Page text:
Is My Child Sick?


Consider specific signs:

  • Fever: Taking the temperature is essential when the illness begins; later, it may not be as important if the child is improving.  Any elevated temperature in an infant less than 8 weeks of age, or a persistently elevated temperature in an older child needs prompt attention.  Healthy babies may normally have temperatures up to 99.4 axillary or 100.4 rectally.
  • Weakness: A weak suck, feeble cry and decreased muscle tone (limp like a doll) are signs of illness, which require medical attention.
  • Irritability: Crying inconsolably, inability to be calmed and difficulty in settling to sleep also require prompt attention.  Healthy babies often behave this way during the second month of life.
  • Vomiting: Vomiting can commonly occur after coughing, but is of more concern when it is not related to coughing.  Healthy babies may vomit or have wet burps occasionally without any illness.
  • Diarrhea: Diarrhea is an increase in the number of stools or a change toward a looser consistency.  Bloody stools always require prompt attention.  Healthy babies may normally have loose green stools, especially if the baby is breast-fed.
  • Dehydration: With persistent vomiting and diarrhea, you should look for signs of dehydration.  If your child is urinating, even if it is decreased in amount, she is probably not dehydrated.  Besides fewer wet diapers, other signs of dehydration are dry eyes (no tears present when crying), dry mouth (tongue, gums), and sunken looking eyes. An infant should have a few wet diapers each day.  If you are not sure if your child is dehydrated, you should call the office for advice.
  • Signs of Meningitis: A bulging soft spot in an infant, or the inability to flex the neck (touch the chin to the chest as if nodding “yes”) in a child older than one year are signs of meningitis.  Usually these are associated with fever and persistent vomiting.
  • Sneezing, coughing, nasal congestion, nasal discharge: These signs are usually not a problem in a child who is otherwise well appearing.  During a common cold, secretions from the nose often change from white or clear to thick, yellow-green after a few days.  This is not a sign that a bacterial infection requiring antibiotics is developing.  Healthy babies normally have noisy breathing, coughing, sneezing and congestion.
  • Decreased sociability, appetite and energy level: These signs are more worrisome if they are severe or change abruptly than if they are mild or change gradually.

How Sick Is My Child?

  1. Consider the duration of signs:
    • Temperature greater than 104.5 F (rectally), continuous vomiting, persistent lethargy or irritability, severe difficulty breathing or wheezing, blood in stools or vomitus, or extreme pain are major danger signs, even of short duration, which require immediate attention.
    • Respiratory symptoms (coughing, sneezing and congestion) and gastrointestinal symptoms (decreased appetite, mild diarrhea and vomiting) usually start to improve after 24-72 hours and the total duration of these symptoms is 7 to 10 days.  Usually by the fifth day children are improving or appear well.  The failure to improve after the acute (the first 24 to 72 hours) suggests the need to call the office for advice or examination.  It is normal for secretions to change from clear and thin to green and thick with a common cold.  If this is the only change, antibiotics are not necessary.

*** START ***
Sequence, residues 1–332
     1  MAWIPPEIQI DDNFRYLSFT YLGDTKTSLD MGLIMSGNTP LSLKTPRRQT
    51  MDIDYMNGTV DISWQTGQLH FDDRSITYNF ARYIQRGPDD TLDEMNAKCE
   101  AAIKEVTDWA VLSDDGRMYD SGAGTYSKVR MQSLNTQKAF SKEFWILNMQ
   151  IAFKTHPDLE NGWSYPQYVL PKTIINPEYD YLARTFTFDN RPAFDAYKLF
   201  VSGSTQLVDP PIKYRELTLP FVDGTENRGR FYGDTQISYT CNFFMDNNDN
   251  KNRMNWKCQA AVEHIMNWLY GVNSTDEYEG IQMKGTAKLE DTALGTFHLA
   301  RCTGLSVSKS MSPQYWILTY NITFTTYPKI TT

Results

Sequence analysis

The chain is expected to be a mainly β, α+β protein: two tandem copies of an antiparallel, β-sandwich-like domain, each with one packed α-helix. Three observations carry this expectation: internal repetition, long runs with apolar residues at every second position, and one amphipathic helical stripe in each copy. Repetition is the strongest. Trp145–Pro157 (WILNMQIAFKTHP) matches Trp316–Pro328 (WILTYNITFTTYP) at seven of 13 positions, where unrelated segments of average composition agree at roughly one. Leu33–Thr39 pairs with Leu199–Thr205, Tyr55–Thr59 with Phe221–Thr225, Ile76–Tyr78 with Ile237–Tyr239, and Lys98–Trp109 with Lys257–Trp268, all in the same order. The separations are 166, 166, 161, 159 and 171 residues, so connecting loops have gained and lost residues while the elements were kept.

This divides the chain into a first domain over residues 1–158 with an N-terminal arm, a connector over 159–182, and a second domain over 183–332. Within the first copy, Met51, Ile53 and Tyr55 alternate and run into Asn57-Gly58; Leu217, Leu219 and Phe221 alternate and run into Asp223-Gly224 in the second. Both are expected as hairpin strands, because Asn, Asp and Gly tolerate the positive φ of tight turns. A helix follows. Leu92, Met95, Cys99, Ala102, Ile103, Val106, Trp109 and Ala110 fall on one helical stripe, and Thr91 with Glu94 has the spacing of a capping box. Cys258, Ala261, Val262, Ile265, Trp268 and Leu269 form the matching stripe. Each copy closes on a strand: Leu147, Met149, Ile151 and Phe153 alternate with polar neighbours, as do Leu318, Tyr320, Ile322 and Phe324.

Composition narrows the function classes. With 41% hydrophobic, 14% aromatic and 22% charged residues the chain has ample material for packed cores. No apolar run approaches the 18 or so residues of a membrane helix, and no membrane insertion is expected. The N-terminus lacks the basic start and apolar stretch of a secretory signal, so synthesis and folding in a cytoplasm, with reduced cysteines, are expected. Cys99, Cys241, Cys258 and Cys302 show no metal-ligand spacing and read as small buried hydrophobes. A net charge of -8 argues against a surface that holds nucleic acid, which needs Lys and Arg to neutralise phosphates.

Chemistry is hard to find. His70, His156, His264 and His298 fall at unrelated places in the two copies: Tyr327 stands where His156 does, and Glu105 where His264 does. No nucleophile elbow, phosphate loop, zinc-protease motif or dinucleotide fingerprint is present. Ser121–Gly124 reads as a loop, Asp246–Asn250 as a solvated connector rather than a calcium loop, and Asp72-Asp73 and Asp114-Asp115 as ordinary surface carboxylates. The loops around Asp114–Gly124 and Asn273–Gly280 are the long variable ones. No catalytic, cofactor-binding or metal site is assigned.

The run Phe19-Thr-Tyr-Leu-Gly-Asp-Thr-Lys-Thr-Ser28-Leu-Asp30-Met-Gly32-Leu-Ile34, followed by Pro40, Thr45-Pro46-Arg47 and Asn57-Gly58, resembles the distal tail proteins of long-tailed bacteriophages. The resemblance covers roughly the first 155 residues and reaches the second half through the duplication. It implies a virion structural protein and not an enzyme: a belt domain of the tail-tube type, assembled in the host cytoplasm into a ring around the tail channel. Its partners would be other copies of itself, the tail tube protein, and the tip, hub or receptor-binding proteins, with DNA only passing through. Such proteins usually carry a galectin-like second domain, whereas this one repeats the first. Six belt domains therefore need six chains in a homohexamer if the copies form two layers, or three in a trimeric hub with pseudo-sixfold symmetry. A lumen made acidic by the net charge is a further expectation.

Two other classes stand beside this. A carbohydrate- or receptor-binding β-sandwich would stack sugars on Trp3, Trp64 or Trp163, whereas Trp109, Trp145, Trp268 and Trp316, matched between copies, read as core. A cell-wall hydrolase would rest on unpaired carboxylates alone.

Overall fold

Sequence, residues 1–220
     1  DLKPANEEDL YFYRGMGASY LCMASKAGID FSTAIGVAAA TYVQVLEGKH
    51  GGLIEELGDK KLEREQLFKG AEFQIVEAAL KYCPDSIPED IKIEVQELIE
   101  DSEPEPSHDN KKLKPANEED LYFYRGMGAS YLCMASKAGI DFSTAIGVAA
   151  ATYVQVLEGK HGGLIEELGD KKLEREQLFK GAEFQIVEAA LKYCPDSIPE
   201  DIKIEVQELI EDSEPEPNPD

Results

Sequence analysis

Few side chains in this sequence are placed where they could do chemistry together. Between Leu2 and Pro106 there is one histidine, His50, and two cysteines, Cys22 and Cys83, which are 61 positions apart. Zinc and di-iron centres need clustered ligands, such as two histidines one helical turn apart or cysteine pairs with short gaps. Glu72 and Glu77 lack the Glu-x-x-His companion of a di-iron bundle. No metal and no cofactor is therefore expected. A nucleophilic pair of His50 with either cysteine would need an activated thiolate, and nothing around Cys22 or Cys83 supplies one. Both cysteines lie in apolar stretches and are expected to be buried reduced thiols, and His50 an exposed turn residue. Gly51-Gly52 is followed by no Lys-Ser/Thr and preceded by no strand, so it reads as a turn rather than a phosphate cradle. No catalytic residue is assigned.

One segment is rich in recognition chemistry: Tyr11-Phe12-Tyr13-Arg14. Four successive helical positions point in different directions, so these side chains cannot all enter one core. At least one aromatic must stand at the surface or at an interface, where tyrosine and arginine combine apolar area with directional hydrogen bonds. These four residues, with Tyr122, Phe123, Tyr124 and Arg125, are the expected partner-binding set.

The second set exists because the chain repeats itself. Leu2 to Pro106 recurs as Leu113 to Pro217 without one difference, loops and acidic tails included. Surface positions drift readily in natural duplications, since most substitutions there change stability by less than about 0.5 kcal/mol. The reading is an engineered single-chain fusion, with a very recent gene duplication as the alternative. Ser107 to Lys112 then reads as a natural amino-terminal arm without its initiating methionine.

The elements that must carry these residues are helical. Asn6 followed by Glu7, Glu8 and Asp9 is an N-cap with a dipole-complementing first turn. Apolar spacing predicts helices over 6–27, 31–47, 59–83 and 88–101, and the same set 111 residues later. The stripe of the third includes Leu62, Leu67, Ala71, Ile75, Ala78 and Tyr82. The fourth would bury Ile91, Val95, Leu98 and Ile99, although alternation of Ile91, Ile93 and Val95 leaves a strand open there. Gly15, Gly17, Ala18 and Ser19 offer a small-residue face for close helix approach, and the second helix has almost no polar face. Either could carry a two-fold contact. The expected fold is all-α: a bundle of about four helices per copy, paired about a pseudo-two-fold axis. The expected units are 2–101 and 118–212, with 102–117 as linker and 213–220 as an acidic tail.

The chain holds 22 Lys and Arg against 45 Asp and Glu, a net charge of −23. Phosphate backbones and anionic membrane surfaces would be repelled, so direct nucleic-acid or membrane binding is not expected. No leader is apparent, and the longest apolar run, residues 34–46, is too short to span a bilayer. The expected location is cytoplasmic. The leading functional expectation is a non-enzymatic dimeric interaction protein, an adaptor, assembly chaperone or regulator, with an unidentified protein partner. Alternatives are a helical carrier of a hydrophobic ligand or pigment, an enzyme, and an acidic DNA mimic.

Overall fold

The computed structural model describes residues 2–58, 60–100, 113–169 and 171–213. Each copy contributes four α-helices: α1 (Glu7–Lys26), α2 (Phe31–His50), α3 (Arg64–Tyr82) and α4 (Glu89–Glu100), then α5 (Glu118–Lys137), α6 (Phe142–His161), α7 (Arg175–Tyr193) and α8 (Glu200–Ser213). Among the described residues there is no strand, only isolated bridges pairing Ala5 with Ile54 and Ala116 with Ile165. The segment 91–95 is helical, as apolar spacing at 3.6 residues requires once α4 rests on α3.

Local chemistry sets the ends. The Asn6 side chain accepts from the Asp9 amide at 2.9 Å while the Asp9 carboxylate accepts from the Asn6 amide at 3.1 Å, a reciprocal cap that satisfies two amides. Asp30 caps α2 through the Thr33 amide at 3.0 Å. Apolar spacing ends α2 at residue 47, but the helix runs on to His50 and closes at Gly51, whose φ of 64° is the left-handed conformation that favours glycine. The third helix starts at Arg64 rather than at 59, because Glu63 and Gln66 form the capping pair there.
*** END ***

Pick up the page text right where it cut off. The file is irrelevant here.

2. Consider the development of new signs:
    Pain: the development of severe pain (crying, difficulty to calm, inability to sleep well) may signify a bacterial complication such as an ear or sinus infection developing from a common cold.
    Lethargy or weakness: A dramatic change in energy level may signify dehydration developing from intestinal infection or a bacterial infection developing from a mild viral illness.
    Vomiting or headache: Development of these signs may signify the development of an upset stomach, streptococcal throat infection, or meningitis.
    New, but not severe symptoms develop: Children may develop OVERLAPPING infections such that before the first infection finishes (3 to 7 days), a second infection starts to develop.  This is common if your child is around other children and especially, if these other children have older siblings, then the sharing of germs is much greater.  The result is an apparent illness lasting for weeks, but is really many illnesses which are OVERLAPPING each other.
    • If your child is suddenly more ill during the course of a mild illness,
    • Your child may need prompt medical attention.
  3. Consider the progression of signs:
    Time of day: pain is always more intense in the evening and fever rises at night.  Appearing a little more ill at night usually does not mean your child is getting worse.
    Increasing fever, pain, vomiting, diarrhea: After the illness first begins, if on each subsequent day your child appears to be more ill, prompt medical attention may be needed because this suggests a more serious infection or the development of a bacterial complication.
    Progressive worsening: or a failure to improve after 24 to 72 hours suggests a more serious illness.
    Sometimes better, sometimes worse: An up/down picture where your child has good times and bad times are typical for mild viral infections.  This pattern may last well beyond the 7 day course for a particular infection if there are OVERLAPPING infections.
    Was improving, now worse: A new mild viral infection or a bacterial infection may be developing.  Observation over a period of hours or a call to the office may clarify how to proceed.


Call whenever you think your child is sick and you are uncertain of what to do. Please call early in the day.  Before placing the call, try to think chronologically: When did the various signs develop?  When the illness has been prolonged or there have been many different problems, look at a calendar and write down some notes before calling.  Before placing the call, try to think about severity; what appears to be bothering the child the most?  Before placing the call, consider your level of comfort as different from the severity of your child’s signs. You are then better able to communicate and we are better able to respond to you.

“This is an emergency because my child is…”